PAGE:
Campylobacter and Salmonella infections on organic broiler farms

T.B. Rodenburg, M.C. van der Hulst-van Arkel, R.P. Kwakkel

Research output: Contribution to journalArticleAcademicpeer-review

25 Citations (Scopus)


Organic poultry production in the Netherlands is developing. Although consumers assume organic products to be safer and healthier, there are aspects of organic animal husbandry, like access to an outdoor run, that can result in increased risks of food safety problems. The aim of this study was to compare housing and management of organic and conventional broiler farms in the Netherlands and to study the occurrence of Salmonella and Campylobacter infections on the former. Large differences were found between the two farming systems with respect to mixed or single farming, manure storage, drinking-water system, ventilation, access to an outdoor run, and pest control. From the 31 organic flocks sampled for Salmonella and Campylobacter in 2003, 13% were positive for Salmonella and 35% for Campylobacter. Results for the summer period are missing due to an outbreak of avian influenza, so the actual number of flocks infected with Campylobacter can be expected to be even higher. Campylobacter appears to be the main risk on organic broiler farms, so that it would be interesting to study specific risk factors of infection with this pathogen on these farms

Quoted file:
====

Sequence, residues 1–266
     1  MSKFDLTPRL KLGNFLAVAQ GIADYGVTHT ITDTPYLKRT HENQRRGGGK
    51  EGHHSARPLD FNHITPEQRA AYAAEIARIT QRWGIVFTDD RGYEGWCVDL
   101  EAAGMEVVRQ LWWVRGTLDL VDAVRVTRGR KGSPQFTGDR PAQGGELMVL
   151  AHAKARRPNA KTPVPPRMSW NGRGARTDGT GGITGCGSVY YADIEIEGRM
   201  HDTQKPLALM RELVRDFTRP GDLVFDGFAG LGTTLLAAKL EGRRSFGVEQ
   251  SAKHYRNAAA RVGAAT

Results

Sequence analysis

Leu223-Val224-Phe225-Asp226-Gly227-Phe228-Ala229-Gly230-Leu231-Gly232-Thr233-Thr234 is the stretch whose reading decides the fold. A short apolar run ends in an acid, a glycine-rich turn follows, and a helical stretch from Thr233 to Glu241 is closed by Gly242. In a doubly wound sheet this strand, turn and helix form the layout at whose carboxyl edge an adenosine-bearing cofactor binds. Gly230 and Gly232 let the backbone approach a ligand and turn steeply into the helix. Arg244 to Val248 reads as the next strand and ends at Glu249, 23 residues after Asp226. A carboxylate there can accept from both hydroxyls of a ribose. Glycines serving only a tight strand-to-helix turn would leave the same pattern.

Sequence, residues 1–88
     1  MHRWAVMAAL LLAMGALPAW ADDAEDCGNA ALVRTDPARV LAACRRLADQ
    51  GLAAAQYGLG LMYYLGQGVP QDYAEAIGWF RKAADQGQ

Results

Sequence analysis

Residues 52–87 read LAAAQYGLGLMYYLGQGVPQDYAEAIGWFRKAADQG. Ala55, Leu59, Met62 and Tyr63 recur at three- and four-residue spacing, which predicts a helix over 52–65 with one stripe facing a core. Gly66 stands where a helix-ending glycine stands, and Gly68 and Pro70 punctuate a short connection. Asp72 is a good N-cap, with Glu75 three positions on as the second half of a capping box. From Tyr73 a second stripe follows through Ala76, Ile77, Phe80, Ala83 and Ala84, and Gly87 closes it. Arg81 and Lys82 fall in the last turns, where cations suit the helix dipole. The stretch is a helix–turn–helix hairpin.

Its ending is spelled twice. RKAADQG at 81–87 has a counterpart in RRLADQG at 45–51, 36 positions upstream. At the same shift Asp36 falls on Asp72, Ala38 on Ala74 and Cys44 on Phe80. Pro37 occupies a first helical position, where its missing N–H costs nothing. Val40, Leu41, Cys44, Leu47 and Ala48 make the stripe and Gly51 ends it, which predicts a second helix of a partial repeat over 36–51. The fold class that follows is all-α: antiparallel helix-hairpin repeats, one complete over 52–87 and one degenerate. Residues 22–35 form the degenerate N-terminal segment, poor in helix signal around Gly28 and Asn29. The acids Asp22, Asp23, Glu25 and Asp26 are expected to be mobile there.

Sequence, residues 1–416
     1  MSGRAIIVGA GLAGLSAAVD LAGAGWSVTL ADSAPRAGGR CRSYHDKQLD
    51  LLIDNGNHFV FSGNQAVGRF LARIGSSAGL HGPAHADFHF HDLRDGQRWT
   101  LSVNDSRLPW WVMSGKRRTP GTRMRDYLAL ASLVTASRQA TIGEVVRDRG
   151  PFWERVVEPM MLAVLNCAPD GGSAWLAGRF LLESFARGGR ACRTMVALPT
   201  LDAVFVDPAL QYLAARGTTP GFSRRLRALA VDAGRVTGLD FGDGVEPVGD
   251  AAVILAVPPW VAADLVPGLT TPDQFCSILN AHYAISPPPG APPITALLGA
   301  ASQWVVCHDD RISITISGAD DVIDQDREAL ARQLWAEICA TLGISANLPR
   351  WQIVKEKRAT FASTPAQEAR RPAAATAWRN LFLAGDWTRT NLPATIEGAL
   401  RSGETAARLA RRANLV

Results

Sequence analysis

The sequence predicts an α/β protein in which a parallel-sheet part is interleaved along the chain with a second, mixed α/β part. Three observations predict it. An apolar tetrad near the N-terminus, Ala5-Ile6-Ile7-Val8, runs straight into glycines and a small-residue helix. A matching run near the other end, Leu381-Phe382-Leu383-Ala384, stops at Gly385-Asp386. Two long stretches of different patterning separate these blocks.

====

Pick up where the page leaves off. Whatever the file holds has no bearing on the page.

Original languageEnglish
Pages (from-to)101-108
Number of pages8
JournalNJAS Wageningen Journal of Life Sciences
Issue number2
Publication statusPublished - 2004


  • poultry farming
  • broiler production
  • campylobacter
  • salmonella
  • organic farming
  • food safety
  • risk factors
  • poultry housing
  • comparative research
  • prevalence
  • flocks
  • enteritidis
  • spp.

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